Eat This

Beautiful edible plants

FigFlickrStarrynight1 Via Treehugger, "beautiful edible landscape plants".  So whadaya think of them?  What beautiful edibles are YOU growing?

On this topic, I've begged some guests posts on this subject and lots of others from Renee Shepherd of Renee's Garden.  (Over dinner when she was in D.C.  Lovely woman!)  AND I'm lunching today with Ros Creasy, author of Edible Landscaping, and I'm hoping she'll enlighten us, too.

Photo credit.

Posted by on May 8, 2009 at 6:55 pm, in the category Eat This.
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21 Responses to “Beautiful edible plants”

  1. joene says:

    Ichiban eggplant … great structure, purple tinged leaves, shiny purple fruit.

  2. I’ve seen herbs used very well in landscaping. Find one of those varieties of basil with that gets big and bushy. Or for a more permanent shrub, rosemary and large-leafed sage plants are really pretty.

  3. tai haku says:

    globe artichokes is the first thing that springs to mind, quince (Cydonia not Chaemoneles (sp?)) is a beauty too.

  4. Dasha says:

    Sangria or Twilight peppers! Nasturtiums. Sweet violets. White or rose-colored eggplants.

  5. 'nora says:

    Gooseberries. They’re nice shrubs with really lovely leaves.

  6. Brie says:

    Aw wow, I wanna meet Ros!

    Some pretty edibles I’m growing that aren’t typically considered edibles are himalayan honeysuckle (leycesteria formosa) and fuchsia (not sure which one). Both produce edible berries.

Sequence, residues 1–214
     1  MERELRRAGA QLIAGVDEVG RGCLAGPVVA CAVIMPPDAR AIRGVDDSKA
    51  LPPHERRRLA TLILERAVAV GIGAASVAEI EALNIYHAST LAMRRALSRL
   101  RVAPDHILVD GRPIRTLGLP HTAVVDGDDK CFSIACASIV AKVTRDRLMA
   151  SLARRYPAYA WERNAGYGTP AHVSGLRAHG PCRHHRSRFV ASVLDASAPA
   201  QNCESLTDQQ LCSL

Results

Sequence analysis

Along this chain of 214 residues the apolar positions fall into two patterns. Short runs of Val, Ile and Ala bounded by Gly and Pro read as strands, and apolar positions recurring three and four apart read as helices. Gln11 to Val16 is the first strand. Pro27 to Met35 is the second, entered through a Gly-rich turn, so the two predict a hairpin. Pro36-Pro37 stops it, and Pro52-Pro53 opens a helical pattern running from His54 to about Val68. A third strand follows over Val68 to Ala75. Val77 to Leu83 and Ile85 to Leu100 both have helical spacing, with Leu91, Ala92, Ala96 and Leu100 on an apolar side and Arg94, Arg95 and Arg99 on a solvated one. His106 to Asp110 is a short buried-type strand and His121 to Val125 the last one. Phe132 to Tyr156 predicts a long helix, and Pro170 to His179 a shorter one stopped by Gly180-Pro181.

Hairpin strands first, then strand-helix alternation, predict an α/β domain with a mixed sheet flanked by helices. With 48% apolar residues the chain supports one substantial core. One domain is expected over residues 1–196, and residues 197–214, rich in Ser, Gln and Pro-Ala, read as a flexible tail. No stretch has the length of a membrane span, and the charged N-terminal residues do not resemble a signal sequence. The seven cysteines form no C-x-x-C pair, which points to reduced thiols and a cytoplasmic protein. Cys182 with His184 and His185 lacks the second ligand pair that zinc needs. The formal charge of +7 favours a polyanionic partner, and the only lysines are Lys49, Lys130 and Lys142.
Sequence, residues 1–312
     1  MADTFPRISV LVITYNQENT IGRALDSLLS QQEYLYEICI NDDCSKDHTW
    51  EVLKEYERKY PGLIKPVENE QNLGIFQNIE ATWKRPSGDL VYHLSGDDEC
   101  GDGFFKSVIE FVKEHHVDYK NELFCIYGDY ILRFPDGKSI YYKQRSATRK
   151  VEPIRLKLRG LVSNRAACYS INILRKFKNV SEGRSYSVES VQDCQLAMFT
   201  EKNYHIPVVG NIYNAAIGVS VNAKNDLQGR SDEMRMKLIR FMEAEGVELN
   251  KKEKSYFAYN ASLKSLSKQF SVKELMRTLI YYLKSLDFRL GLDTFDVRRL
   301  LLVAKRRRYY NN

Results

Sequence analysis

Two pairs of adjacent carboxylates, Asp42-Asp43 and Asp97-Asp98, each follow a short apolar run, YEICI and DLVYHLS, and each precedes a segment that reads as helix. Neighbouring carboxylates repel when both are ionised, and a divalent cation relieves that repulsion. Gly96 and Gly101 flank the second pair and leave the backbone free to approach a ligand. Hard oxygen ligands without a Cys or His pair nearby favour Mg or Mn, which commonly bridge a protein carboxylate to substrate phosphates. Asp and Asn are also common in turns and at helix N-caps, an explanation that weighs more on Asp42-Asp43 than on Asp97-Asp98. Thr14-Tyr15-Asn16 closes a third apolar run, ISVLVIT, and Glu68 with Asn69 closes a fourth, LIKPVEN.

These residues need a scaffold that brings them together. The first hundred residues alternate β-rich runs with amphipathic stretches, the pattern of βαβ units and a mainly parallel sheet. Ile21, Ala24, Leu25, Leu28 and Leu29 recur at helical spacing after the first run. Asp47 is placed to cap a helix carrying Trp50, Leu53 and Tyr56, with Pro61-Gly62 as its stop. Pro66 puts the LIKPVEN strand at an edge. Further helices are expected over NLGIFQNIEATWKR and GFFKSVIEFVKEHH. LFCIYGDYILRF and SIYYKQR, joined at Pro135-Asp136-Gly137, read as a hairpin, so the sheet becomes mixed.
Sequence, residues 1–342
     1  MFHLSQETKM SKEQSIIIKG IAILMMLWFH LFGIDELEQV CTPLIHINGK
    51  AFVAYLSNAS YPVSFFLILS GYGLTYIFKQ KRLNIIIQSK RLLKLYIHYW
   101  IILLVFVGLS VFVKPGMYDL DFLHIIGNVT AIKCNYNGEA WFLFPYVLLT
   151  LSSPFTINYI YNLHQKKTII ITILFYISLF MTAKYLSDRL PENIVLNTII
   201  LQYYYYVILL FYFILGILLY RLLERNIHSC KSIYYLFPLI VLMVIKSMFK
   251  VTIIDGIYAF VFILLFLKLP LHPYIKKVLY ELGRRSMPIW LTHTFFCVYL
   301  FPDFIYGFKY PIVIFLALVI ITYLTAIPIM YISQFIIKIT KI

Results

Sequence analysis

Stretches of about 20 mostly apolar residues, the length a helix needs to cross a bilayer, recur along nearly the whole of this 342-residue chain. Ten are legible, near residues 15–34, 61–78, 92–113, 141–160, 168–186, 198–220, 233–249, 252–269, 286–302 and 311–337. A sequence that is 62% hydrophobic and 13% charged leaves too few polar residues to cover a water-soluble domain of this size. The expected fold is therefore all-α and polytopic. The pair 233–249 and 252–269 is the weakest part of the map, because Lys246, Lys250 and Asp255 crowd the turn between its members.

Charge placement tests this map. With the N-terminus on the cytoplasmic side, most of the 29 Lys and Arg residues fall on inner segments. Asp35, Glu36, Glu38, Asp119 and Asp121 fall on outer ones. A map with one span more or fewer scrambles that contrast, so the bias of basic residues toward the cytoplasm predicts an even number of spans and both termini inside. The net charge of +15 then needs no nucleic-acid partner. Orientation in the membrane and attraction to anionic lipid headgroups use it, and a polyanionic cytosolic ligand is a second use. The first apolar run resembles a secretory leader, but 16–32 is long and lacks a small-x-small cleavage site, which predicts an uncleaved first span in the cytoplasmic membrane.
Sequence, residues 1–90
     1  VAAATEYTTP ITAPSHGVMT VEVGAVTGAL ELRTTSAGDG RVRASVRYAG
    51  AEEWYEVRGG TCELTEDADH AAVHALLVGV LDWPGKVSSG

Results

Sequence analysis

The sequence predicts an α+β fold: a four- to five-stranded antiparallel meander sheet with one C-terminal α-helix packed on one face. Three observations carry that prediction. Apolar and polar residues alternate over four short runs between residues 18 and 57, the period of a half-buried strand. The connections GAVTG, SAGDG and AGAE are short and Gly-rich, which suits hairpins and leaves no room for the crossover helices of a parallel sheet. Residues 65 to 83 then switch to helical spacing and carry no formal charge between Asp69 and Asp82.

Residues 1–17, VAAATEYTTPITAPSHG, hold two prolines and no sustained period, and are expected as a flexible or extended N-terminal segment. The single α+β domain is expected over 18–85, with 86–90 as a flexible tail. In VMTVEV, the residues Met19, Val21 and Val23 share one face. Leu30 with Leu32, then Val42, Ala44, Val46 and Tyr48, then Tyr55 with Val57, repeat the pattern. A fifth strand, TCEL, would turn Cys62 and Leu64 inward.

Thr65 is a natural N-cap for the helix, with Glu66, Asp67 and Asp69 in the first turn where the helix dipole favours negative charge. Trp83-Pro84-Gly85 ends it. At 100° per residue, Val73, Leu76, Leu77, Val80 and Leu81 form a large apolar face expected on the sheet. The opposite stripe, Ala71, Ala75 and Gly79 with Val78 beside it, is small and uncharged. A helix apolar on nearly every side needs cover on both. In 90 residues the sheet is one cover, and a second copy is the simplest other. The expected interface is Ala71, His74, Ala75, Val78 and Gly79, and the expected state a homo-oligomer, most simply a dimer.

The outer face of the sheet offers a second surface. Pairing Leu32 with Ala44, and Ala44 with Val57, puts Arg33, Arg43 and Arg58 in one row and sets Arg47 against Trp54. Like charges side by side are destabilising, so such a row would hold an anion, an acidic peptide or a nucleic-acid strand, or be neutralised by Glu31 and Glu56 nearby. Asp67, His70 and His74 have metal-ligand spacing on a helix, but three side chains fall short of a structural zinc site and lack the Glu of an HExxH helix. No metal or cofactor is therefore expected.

Huckleberry and darrow’s blueberry are evergreen and also produce good fruit.

    Okra plants are absolutely striking, if you’re into that. Which I am.

    Lastly, there’s a basil out there that grows like a boxwood. In fact I believe the name is “Boxwood”. Neat idea for edging the summer vegetable garden.

  7. Nikki says:

    A friend of mine has a glorious hedge of lavender – my favorite edible for hedging and shaping. Ros Creasy was at the LA Garden Show last weekend and she was fabulous!!

  8. Sarah says:

    My gardening philosophy lately is native, edible or both so it gets interesting in my yard. Blueberries, cranberries, swamp roses, elderberries, chokeberries, tons of herbs. I mix my veggies in and around the ornamentals so there is lettuce on either side of the daylilies, cranberries in the pitcher plant bog, beets sharing containers with snapdragons. Some of these might not work out in the long run, but I’m having fun. :D

  9. Erin says:

    Swiss chard with its bright red veins and stems and nasturiums! I don’t think you can go wrong with nasturiums. Beautiful flowers, pretty foliage and a cinch to grow from seed.

  10. LauraBee says:

    I, too, believe in landscaping with edibles. Most things in my yard ( save the irises, callas, and roses) serve two purposes – beauty & either attract birds/butterflies or be edible. To that end I’ve filled my tiny suburban yard with as many as I could fit in – apricot, cherry, peach, plum & Asian pear trees provide both fruit & shade. A row of blueberries covers the ‘good neighbor’ fence on one side of my house & a newly-planted star guava will eventually shade my dining room window & give us food ( both the flower petals & the fruit). When my veggie garden gets growing it’ll hide the other fence. Out front, I’ve planted a Thompson grape & Meyer Lemon, & I plan to acquire a kumquat & lime soon. There’s also a huge purple-leafed sage that I adore, and volunteer chamomile my daughter & I enjoy as tea.